Mon, 31 Oct 1994

MUI condemns Indonesian Moslems' visit to Israel

JAKARTA (JP): The Indonesian Council of Ulemas (MUI) condemned the recent visit of a group of Indonesian Moslems to Israel over the weekend, saying they offended the Arab countries fighting Israel.

"The visit was illegal and the delegation represented neither the government nor Indonesian Moslems," MUI Chairman Hasan Basri told The Jakarta Post by telephone here on Saturday.

He said MUI never sent any delegation to the Jewish state, with whom Indonesia has no diplomatic relations.

The Indonesian Moslems' visit to Israel was reported by the AFP news agency on Friday. The report said that the "Moslem leaders delegation" was in the Middle East to attend the signing ceremony of the Israel-Jordan peace treaty on Wednesday.

AFP quoted Danny Shek, spokesman for the Israeli Foreign Ministry, as saying that in their meeting with Israeli Deputy Foreign Minister Yossi Beilin the "Moslem leaders" called for enhanced relations between Indonesia and Israel.

They also emphasized that all religions have the obligation to shun violence and terrorism.

According to the report, the "delegation" was led by Johan Effendi when it met with Beilin in Jerusalem.

Hasan considered the Israeli visit a "hasty action," saying that it may hurt the feelings of Arab countries fighting against the Jewish state.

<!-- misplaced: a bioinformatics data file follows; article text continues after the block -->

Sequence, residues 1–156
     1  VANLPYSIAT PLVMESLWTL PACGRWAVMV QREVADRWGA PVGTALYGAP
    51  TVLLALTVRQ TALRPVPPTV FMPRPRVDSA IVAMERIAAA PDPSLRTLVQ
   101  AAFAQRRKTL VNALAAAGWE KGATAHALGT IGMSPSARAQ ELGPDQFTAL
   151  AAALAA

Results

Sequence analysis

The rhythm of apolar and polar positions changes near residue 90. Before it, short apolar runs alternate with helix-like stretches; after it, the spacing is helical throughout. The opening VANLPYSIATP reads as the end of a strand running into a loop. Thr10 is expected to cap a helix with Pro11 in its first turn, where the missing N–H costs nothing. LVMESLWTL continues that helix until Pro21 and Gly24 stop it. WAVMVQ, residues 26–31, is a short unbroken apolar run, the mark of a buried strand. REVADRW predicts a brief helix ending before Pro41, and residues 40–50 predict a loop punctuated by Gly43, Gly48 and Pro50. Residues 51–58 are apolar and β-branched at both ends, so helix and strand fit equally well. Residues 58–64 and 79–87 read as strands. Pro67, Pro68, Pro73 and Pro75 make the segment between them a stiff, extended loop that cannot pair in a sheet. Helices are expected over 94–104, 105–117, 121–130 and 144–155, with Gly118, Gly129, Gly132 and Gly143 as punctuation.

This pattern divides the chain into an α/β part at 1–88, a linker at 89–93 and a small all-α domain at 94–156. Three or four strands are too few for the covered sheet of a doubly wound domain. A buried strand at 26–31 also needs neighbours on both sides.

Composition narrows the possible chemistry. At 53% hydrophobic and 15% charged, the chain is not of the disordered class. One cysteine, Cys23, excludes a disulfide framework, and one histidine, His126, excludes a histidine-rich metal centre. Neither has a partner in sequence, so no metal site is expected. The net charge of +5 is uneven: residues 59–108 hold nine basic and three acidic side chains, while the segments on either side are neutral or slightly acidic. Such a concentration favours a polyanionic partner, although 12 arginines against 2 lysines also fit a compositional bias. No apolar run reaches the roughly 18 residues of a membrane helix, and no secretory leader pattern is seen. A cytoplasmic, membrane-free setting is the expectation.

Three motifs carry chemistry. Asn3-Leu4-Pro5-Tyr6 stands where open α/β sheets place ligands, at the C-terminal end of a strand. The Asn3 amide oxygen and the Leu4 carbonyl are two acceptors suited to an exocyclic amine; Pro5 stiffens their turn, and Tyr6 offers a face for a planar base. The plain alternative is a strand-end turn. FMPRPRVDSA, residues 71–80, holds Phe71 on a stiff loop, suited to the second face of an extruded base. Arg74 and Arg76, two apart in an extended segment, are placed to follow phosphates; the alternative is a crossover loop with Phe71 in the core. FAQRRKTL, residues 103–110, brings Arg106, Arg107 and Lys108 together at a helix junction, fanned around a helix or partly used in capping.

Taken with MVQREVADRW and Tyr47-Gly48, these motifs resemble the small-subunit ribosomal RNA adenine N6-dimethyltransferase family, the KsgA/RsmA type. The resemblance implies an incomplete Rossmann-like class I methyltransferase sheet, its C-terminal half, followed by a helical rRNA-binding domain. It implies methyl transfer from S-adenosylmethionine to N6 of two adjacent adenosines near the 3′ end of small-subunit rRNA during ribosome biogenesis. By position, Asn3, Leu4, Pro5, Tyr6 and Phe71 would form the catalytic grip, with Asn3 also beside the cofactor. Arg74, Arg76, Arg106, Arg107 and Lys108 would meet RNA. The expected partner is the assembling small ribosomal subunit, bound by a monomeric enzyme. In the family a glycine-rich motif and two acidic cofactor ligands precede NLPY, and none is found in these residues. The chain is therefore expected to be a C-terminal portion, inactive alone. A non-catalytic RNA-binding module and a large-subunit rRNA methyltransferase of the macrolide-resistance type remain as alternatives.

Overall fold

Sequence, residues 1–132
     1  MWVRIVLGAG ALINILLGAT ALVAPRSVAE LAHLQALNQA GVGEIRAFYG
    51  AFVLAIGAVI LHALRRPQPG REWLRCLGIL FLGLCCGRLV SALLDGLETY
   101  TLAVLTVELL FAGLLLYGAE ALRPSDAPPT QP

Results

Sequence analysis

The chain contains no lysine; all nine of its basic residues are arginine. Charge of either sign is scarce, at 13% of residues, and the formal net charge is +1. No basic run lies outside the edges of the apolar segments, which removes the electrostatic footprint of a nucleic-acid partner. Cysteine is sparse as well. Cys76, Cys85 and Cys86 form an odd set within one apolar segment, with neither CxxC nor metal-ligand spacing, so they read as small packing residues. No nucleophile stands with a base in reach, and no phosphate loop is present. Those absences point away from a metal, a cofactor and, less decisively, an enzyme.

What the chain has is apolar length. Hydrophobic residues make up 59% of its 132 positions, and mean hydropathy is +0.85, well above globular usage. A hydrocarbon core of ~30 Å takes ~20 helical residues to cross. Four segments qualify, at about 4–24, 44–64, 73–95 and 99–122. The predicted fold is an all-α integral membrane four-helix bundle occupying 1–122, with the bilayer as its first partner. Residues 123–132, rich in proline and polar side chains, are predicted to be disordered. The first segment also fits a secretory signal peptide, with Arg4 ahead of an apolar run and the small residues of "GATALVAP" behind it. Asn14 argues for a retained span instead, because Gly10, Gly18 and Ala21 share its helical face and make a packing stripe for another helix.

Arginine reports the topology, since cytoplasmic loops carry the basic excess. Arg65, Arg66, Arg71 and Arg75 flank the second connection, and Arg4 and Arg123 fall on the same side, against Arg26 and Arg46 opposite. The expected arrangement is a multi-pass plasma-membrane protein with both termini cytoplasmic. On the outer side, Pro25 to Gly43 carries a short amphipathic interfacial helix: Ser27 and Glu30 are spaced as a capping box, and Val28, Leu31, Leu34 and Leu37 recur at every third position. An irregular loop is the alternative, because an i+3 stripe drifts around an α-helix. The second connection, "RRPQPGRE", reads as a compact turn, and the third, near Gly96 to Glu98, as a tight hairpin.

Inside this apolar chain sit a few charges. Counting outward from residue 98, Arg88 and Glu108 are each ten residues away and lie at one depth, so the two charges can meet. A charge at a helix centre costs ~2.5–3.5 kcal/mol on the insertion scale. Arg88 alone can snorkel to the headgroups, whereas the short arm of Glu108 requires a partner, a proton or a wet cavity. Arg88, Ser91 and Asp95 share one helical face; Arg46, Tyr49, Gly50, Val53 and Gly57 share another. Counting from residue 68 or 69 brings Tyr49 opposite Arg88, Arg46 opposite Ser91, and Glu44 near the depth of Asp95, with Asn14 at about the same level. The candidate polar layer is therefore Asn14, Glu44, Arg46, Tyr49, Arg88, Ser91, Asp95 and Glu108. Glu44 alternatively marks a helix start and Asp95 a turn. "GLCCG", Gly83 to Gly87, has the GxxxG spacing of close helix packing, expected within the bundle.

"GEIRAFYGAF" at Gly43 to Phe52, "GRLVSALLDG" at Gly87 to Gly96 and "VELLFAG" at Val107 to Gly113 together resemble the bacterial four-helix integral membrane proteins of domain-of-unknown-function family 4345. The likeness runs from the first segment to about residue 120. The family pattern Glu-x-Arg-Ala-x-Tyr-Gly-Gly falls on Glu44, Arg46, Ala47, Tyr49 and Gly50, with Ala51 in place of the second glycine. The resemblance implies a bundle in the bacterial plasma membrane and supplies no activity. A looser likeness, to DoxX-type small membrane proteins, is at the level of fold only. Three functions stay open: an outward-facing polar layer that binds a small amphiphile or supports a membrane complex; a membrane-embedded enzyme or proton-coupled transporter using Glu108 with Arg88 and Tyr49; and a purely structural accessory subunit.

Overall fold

"They (Johan Effendi and his entourage) do not realize that they were used by the Israeli government to undermine the friendly ties between Indonesia and Arab countries," he said.

Still in Israel

Sources in Jakarta said yesterday that Johan Effendi and his entourage were still in Israel. Johan (also spelled Djohan), 55, was installed as a senior research specialist in the field of religious and social studies at the Ministry of Religious Affairs in 1992. He graduated from the Sunan Kalijaga Islamic Institute in Yogyakarta in 1972.

Hasan said that Effendi was not an ulema nor a Moslem leader. "I know him well. He is a university lecturer."

Hasan warned that the government and Moslem organizations, as well as individuals, should be cautious in making contact with Israel as it remains a very sensitive problem.

Indonesia, the world's largest Moslem country, has never recognized Israel.

Moslem groups were angered by a visit to Israel by a group of Indonesian journalists earlier this year on the Israeli government's sponsorship.

Hasan said MUI supports government policy stating that Indonesia will consider establishing ties with Israel only if a comprehensive Middle East peace settlement is achieved.

At the informal level, Israeli Prime Minister Yitzhak Rabin stopped off in Jakarta on an Asian tour last year where he met with the chairman of the Non-Aligned Movement, Indonesia's President Soeharto. (rms)

Peace -- Page 2

Rabin -- Page 16